Allison's Book Bag

The Blue Baboon in the Big Balloon by Steve and Sarah Mostyn

Posted on: August 12, 2014

Two baboons who live with a green cat, a trip to the moon where two raccoons are friends with a panda, and a cow whose moo reminds the baboons that it’s time for tea. From the creative minds of Steve and Sarah Mostyn comes the picture book The Blue Baboon in the Big Balloon. Its whimsical tone will make you smile. Unfortunately, some of the rhymes are awkward, and the illustrations need a lighter background.

Although of lesser quality, The Blue Baboon in the Big Balloon made me think of Curious George by the Reys. Where else can you find a monkey who swims in the ocean, rides on balloons, and escapes from jail? And where else but in The Blue Baboon in the Big Balloon can you read about baboons who drink tea and mice who eat rice? Steve and Sarah Mostyn developed their storytelling craft through the inspiration of their children, with whom they sit weekly to brainstorm new ideas as well as expand upon old ones. You can tell how much fun the family had together, when you read of a mite living on a kite and fighting a troll named Dwayne. Their fun probably equates to the fun which the Reys surely had in writing their tales about a plant who bit people, a kangaroo who lacked pockets, and a penguin who travelled the world after he ran out of adventures to share. I could see families reading The Blue Baboon in the Big Balloon and being equally inspired to compose their own Round Robin Story, whereby each family member adds to and expands upon one another’s ideas.

Again, although of lesser quality, The Blue Baboon in the Big Balloon also made me think of some of Dr. Seuss’ earlier stories. Picture books are a place where imagination can soar. One can indulge in a nonsensical plot, such as found time and time again in the Dr. Seuss books, and make priceless fantasies. Yet it takes skill to create a simplicity and rhythm that reads well aloud. Both To Think I Saw it on Mulberry Street and The Blue Baboon in the Big Balloon starts out with lines which a little child could read. As one continues to read the two, both also are as equally weird, but the Dr. Seuss books more clearly sustain a flow which doesn’t trip the tongue, unlike these lines from The Blue Baboon in the Big Balloon: ““Oh what a sight to see, the orange mite who lived on a kite, Dwight wearing tights, Matt the cat chasing the family of mice that liked to fly kites and eat fried rice, and a blue balloon flying in a big balloon.” There’s also less repetition and more depth in works by Dr. Seuss.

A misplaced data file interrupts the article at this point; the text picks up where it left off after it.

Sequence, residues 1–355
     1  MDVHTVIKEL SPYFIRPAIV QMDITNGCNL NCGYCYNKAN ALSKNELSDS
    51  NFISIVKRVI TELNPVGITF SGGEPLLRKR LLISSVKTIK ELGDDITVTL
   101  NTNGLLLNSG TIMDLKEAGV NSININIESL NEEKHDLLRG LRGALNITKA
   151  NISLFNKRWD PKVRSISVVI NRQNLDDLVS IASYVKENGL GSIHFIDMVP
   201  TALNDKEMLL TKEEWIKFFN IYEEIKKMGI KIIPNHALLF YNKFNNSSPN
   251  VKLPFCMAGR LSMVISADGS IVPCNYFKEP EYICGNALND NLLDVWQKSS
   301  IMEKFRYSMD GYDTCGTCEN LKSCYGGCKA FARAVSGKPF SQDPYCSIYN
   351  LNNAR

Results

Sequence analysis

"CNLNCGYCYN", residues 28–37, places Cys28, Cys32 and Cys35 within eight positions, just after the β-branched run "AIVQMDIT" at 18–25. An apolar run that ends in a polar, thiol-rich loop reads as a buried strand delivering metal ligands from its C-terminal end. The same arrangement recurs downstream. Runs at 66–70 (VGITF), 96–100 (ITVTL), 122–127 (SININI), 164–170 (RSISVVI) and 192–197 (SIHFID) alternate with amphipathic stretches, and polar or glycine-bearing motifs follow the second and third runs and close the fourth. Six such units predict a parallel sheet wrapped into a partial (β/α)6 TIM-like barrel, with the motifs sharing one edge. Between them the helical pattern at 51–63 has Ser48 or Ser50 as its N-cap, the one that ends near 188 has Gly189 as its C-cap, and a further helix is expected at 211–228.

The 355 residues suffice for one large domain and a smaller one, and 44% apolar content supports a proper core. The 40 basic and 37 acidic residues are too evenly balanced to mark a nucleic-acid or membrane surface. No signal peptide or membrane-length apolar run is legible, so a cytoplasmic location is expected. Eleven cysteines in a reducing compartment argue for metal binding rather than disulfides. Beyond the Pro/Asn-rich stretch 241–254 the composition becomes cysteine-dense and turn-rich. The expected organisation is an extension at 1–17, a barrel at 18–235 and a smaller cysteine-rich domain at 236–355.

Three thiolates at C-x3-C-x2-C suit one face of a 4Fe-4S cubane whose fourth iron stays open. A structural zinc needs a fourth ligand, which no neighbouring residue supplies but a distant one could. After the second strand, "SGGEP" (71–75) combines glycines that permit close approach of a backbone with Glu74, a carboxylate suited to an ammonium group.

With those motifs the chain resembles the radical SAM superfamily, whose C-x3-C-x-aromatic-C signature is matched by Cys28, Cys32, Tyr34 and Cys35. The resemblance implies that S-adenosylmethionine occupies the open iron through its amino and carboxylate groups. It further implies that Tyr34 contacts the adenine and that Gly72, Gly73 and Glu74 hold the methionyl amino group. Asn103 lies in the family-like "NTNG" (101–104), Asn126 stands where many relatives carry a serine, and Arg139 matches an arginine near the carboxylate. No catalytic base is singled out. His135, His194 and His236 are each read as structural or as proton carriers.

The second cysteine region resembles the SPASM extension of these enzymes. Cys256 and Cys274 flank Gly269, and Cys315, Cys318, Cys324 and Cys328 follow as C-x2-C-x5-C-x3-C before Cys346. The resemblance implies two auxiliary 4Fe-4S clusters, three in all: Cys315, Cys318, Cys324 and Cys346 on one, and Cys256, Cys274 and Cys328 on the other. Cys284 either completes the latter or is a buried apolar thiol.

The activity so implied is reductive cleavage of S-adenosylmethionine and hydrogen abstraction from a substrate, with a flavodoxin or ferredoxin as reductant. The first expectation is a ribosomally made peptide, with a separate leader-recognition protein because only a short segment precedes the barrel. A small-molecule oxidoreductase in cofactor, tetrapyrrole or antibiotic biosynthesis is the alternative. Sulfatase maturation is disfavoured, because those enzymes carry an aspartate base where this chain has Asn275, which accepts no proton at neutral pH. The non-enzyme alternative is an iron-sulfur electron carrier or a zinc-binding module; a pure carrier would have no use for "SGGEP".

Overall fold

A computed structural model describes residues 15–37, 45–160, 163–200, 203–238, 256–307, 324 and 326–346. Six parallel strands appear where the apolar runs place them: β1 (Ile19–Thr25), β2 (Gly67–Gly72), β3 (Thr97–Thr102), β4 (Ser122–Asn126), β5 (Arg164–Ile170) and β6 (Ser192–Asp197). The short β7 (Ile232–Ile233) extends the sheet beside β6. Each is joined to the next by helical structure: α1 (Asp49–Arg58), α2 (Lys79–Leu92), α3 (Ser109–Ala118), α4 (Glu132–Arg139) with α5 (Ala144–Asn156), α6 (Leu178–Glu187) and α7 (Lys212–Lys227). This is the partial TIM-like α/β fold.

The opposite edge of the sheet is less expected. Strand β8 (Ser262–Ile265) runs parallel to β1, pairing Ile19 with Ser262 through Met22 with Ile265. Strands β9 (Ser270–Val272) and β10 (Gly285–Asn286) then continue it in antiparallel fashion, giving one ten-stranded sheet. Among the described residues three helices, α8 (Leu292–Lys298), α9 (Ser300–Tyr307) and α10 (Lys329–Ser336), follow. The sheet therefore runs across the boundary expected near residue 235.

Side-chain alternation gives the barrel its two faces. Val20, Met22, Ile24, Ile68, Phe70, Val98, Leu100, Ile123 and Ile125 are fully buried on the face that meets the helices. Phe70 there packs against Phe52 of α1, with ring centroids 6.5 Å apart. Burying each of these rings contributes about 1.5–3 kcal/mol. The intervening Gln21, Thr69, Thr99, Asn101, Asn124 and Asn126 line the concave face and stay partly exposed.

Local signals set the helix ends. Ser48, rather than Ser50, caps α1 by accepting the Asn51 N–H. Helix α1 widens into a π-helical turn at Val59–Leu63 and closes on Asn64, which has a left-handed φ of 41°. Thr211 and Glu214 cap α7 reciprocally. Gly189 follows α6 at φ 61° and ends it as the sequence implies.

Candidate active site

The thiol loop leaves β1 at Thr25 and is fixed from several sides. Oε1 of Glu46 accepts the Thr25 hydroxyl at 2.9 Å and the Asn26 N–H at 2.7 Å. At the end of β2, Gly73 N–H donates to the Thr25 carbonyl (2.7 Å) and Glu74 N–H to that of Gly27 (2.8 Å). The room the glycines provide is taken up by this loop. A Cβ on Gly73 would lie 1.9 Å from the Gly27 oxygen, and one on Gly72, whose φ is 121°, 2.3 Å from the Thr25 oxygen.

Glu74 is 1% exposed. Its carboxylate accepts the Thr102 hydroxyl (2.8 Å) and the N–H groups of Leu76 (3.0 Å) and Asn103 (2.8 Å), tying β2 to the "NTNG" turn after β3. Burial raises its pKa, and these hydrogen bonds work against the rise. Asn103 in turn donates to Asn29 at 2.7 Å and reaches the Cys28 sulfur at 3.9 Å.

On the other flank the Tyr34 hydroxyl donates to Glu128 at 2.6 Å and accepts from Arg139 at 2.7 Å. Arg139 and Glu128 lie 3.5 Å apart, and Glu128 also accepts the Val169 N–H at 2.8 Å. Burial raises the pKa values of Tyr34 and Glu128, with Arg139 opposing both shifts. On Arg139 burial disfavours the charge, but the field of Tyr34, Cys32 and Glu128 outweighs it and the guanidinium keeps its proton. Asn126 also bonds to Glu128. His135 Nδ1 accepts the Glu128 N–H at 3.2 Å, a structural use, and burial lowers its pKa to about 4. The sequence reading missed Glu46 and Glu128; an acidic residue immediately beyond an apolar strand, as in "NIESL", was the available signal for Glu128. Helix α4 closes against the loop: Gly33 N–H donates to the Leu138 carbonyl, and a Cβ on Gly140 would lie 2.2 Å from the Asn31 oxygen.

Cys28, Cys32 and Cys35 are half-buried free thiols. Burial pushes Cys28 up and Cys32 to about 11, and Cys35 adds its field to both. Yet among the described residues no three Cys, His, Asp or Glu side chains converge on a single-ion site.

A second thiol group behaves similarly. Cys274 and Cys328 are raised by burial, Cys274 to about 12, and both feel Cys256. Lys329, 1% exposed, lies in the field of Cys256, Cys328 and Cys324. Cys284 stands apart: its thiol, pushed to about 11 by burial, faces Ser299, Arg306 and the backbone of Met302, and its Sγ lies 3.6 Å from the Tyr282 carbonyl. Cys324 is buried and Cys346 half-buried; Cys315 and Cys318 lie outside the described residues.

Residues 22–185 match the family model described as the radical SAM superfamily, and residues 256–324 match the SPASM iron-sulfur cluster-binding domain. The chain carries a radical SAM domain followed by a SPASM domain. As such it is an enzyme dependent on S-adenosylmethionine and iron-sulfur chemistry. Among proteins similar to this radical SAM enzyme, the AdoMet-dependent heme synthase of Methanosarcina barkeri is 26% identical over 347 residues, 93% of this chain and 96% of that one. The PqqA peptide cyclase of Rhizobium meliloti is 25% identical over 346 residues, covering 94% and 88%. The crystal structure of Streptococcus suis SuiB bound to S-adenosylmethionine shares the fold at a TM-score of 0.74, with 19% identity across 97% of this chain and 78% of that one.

My other quibble is with the design. While I enjoyed the large cartoonish illustrations, the backgrounds of blue, purples, and black took away from the whimsical tone. Some of the animals portrayed wore bright colors such as pink, red, and orange. In a story about such silly stuff a panda who sings while holding a banana, I expect the pages to sing with color. Also, given that picture books will be probably handled often, the absence of a hardcover edition is problematic.

This debut picture book from Steve and Sarah Mostyn has charm. It could be the first in a delightful family-created series. As a standalone, however, it isn’t memorable enough for me to recommend it.

My rating? Leave it: Don’t even take it off the shelves. Not recommended.

How would you rate this book?

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Summer Reviews

Books can take connect us with strangers, take us to unique places, and introduce us to new ideas. They can also offer hope in a chaotic world. And so I must share what I read!

Each week, I’ll introduce you to religious books, Advanced Reader Copies, animal books, or diversity books. Some I’ll review as singles and others as part of round-ups. Just ahead, there will be reviews of:

  • Joni: The unforgettable story of a young woman’s struggle against quadriplegia & depression by Joni Eareckson
  • The True Story of the World’s Most Beloved Animal Sanctuary by Samantha Glen
  • Brothers in hope : the story of the Lost Boys of Sudan–refugees by Mary Williams
  • The Inner Life of Cats by Thomas McNamee

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